On 2 afternoons a week I'm having great fun sharing books with children in Class 1, using my puppet buddies. We sit in a rather small pop-up tent in the book corner and share picture books and listen to individual children read. The joint sharing of books is so much more than just 'listening to readers'. The children love using the puppets to look at the books, talk to me and take the puppet to find the next child.
I'm being presented with hand written 'invitations' for the puppets, lots of 'mark making' on scrap paper and lots of chat about the picture books and other unrelated bits of information they wish to share. I'm in great admiration of the teachers who plan meticulously and use their creative minds to teach young children a vast array of for me and the puppets...we just love sharing books!


Watch out for upcoming news of the Roar puppet and next 3 books for 2014 at 

Best wishes
Hazel Reeves                                                                                                                   

Friday, 27 September 2013

Oats in the carpet.

There are oats scattered across my carpet and oats across the kitchen floor. There have been tears before school and tears before bed-time. Term time has started and I watch with admiration how my daughter bravely faces each day. She cares about the minute details of her friends lives, the perfect presentation of each piece of homework and she feels the need to get it right every second of the day.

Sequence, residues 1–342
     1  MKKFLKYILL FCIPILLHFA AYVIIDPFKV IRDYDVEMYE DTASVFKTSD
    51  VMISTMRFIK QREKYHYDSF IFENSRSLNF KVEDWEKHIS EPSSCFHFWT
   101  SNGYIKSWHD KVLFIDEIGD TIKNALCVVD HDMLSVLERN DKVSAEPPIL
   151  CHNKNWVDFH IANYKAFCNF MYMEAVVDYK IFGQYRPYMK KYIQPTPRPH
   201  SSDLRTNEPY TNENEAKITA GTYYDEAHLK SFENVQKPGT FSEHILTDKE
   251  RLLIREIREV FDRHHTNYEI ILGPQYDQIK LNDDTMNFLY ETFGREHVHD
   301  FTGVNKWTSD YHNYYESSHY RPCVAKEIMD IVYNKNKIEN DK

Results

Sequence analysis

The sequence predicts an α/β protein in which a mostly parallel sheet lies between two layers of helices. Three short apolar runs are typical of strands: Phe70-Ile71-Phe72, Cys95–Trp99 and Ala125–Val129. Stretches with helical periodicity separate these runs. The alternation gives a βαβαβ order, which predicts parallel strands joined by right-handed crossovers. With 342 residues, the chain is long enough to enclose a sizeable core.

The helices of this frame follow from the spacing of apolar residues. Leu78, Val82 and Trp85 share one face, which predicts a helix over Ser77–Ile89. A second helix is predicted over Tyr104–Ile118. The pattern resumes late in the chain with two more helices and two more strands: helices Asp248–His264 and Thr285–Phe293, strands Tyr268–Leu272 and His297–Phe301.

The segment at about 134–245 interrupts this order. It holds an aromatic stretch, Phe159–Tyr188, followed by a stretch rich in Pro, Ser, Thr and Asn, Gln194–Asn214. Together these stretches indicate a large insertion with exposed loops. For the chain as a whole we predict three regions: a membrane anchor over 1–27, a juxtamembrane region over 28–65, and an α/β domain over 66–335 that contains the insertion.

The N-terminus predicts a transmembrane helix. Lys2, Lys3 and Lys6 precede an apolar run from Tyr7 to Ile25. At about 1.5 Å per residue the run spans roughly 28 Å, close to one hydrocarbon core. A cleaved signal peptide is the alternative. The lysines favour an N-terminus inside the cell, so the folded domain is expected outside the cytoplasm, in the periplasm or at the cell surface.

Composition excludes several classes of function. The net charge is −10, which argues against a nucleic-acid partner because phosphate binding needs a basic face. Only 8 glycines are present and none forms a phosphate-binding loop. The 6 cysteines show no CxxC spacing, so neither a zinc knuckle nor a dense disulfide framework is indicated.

Sometimes when the pressure rises inside her she feels the need to release the tension and rips up paper and scatters it on the floor. Today it was her breakfast oats!

Cleaning the floor takes a few minutes. Keeping a balance between positive and negative mental health is a life long learning process. I love her and her ways, so off I go to clear the floors.

Best wishes
Hazel Reeves

Wednesday, 21 August 2013


The sun is shining, our plans are made, we're packing bags, it's that time of year when everyone asks you if you're taking a holiday. This year we can say yes, we are taking a regular summer holiday like other families. We've learnt some things to avoid and we are taking a huge risk and making a change from our usual unseasonal holiday in a remote spot! We're still heading for a quiet destination with minimum fuss but there will be other people there and lots of cars on the road and we're travelling further than 3 hours away from home. Will it be ok?